East Greenland (EG)

Unknown population size and trend. Studies are on-going.

Status table outtake

Size Sea ice metrics Human-caused removals 2010–2014
Estimate /
95% CI
Year Method Change in spring ice retreat / Change in fall ice advance (days per decade) Change in summer sea ice area (percent change per decade) 5-yr mean Last year
Potential Actual Potential Actual
Unknown  -6.2/5.5-6.562636465
See also the complete table (all subpopulations)

Comments, vulnerabilities and concerns

Current and projected habitat decline, no abundance estimate or growth rate. TEK suggests increase in numbers (meeting with hunters in 2011 both in Ittoqqortoormiit and Tasiilaq).

No subpopulation inventories have ever been conducted. Assessment of this sub-population starts in 2015 with TEK interviews and satellite telemery.

Status and delineation

East Greenland subpopulation mapThe East Greenland area. See also the complete map (all subpopulations).

Satellite-telemetry data show that polar bears range widely along the coast of eastern Greenland and in the pack ice in the Greenland Sea and Fram Strait (Born et al. 1997, 2009; Wiig et al. 2003; Laidre et al. 2012, 2015). Various studies have shown that there are resident groups in the region (Born 1995, Dietz et al. 2000, Sandell et al. 2001), and the East Greenland subpopulation (EG) is thought to have limited exchange with other subpopulations (Wiig 1995, Born et al. 2009). Although there is little evidence of genetic difference between subpopulations in the eastern Greenland and Svalbard-Franz Josef Land regions (Paetkau et al. 1999), satellite telemetry and movement of marked animals have detected minimal exchange between polar bears in EG and the Barents Sea subpopulation (BS) (Wiig 1995; Born et al. 1997, 2009; Wiig et al. 2003; Laidre et al. 2012). The polar bears in EG cluster with the Eastern Polar Basin genetic cluster, one of 4 global genetic clusters of polar bears (Peacock et al. 2015). Laidre et al. (2015) showed that due to multi-decadal sea ice loss within East Greenland, there have been changes in bears’ habitat use between the 1990s and 2000s. Adult females tracked in the 2000s used areas with significantly lower sea ice concentrations (10-15% lower) than adult females in the 1990s during winter. They were also located significantly closer (100-150 km) to open water in all seasons and spent approximately 2 months longer in areas with <60% sea ice concentration than bears in the 1990s. No inventories have been conducted to determine the size of the polar bear subpopulation in EG, however pilot studies were initiated in southeast Greenland in 2015 to collect data to inform an assessment (Laidre, unpubl data).


Born, E.W. 1995. Research on polar bears in Greenland, ultimo 1988 to primo 1993 Pp. 105-107 In Wiig, Ø., Born E. W. and Garner G. W., (eds.). Polar Bears: Proceedings of the Eleventh Working Meeting of the IUCN/SSC Polar Bear Specialist Group. IUCN, Gland, Switzerland and Cambridge, UK.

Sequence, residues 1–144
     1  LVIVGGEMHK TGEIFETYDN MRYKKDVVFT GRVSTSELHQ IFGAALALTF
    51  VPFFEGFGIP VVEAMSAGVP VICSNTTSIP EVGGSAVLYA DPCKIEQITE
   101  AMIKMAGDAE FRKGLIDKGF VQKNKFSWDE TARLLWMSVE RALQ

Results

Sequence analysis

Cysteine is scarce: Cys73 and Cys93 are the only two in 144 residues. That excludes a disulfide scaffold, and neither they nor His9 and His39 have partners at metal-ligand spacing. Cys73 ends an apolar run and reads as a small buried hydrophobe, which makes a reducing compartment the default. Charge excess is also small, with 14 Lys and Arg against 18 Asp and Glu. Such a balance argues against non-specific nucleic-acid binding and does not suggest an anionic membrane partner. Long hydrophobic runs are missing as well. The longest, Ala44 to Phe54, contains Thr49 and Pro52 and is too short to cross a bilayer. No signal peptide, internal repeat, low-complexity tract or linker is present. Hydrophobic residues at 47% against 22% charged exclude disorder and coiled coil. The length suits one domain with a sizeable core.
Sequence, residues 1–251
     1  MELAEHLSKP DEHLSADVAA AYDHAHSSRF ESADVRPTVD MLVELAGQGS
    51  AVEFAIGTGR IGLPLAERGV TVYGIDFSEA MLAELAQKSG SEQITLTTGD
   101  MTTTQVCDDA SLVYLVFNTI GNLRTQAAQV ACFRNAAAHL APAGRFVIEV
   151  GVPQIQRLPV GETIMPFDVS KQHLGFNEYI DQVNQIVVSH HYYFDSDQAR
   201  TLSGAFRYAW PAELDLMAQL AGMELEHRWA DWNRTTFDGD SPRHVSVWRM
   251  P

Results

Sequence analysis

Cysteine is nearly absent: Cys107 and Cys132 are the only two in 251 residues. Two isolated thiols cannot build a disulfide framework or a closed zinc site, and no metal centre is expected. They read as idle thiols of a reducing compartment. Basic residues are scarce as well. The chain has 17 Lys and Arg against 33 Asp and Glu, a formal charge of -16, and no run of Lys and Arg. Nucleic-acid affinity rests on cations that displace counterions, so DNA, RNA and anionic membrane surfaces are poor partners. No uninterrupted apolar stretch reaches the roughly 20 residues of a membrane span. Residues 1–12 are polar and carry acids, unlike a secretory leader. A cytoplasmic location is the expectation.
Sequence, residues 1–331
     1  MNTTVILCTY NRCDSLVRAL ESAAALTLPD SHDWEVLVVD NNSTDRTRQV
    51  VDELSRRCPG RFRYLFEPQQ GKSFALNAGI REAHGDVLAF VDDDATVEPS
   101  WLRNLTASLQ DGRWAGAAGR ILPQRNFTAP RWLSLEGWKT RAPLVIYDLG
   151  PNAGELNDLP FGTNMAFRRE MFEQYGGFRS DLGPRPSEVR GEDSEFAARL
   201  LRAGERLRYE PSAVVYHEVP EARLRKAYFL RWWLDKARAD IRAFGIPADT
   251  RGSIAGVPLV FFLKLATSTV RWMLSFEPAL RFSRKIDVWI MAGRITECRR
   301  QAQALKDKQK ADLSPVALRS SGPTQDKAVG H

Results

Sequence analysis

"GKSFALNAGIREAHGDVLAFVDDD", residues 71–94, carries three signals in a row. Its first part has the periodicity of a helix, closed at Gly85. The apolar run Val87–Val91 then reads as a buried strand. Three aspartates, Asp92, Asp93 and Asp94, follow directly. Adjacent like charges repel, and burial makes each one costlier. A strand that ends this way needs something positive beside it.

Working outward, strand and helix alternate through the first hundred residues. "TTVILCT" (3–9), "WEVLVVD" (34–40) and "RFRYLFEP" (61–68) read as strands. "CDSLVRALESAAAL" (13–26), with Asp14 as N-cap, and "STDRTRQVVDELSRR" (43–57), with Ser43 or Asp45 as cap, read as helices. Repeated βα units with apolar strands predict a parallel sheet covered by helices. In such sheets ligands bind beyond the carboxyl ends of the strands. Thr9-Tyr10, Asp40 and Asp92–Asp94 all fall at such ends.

Born, E.W., Wiig, Ø. and Thomassen, J. 1997. Seasonal and annual movements of radiocollared polar bears (Ursus maritimus) in northeast Greenland. J. Mar. Syst.10:67-77.

Born, E.W., Dietz, R., Wiig Ø., Aars, J. and Andersen, M. 2009. Polar bear Ursus maritimus. Pp. 91-100. In Boertmann, D., Mosbech, A., Schiedek, D. and Johansen, K. (eds.). The western Greenland Sea. A preliminary strategic environmental impact assessment of hydrocarbon activities in the KANUMAS East area. – NERI Technical report no. 719.

Dietz, R., Rigét, F.F. and Born, E.W. 2000. Geographical differences of zinc, cadmium, mercury and selenium in polar bears (Ursus maritimus) from Greenland. Sci. Total Envir. 245: 25-48.

Laidre, K.L., Born, E.W., Gurarie, E., Wiig, O., Dietz, R. and Stern, H. 2012. Females roam while males patrol: divergence in breeding season movements of pack ice polar bears (Ursus maritimus). Proceedings of the Royal Society B 280: 1-10.

Laidre, K. L., E. W. Born, P. Heagerty, Ø. Wiig, R. Dietz, H. Stern, J. Aars, M. Andersen. 2015.  Shifts in habitat use by female polar bears (Ursus maritimus) in East Greenland. Polar Biology 38: 879-893. doi: 10.1007/s00300-015-1648-5.

Peacock, E., Sonsthagen, S.A., Obbard, M.E., Boltunov, A., Regehr, E.V., Ovsyanikov, N., Aars, J., Atkinson, S.N., Sage, G.K., Hope, A.G., Zeyl, E., Bachmann, L., Ehrich, D., Scribner, K.T., Amstrup, S.C., Belikov, S., Born, E., Derocher, A.E., Stirling, I., Taylor, M.K., Wiig, Ø., Paetkau, D., and Talbot, S.L. 2015. Implications of the circumpolar genetic structure of polar bears for their conservation in a rapidly warming Arctic. Plos One 10: e112021.

Sandell, H., Sandell, B., Born, E.W., Dietz, R., and Sonne-Hansen, C. 2001. Polar bears in eastern Greenland: An interview survey about the occurrence of polar bears and the hunt, 1999. Technical Report No. 40, Greenland Nature Institute, 94 pp.

Wiig,Ø. 1995. Distribution of polar bears (Ursus maritimus) in the Svalbard area. J. Zool., Lond. 237: 515-529.

Wiig, Ø., Born, E.W., and Pedersen, L.T. 2003. Movements of female polar bears (Ursus maritimus) in the East Greenland pack ice. Polar Biology 26:509-516.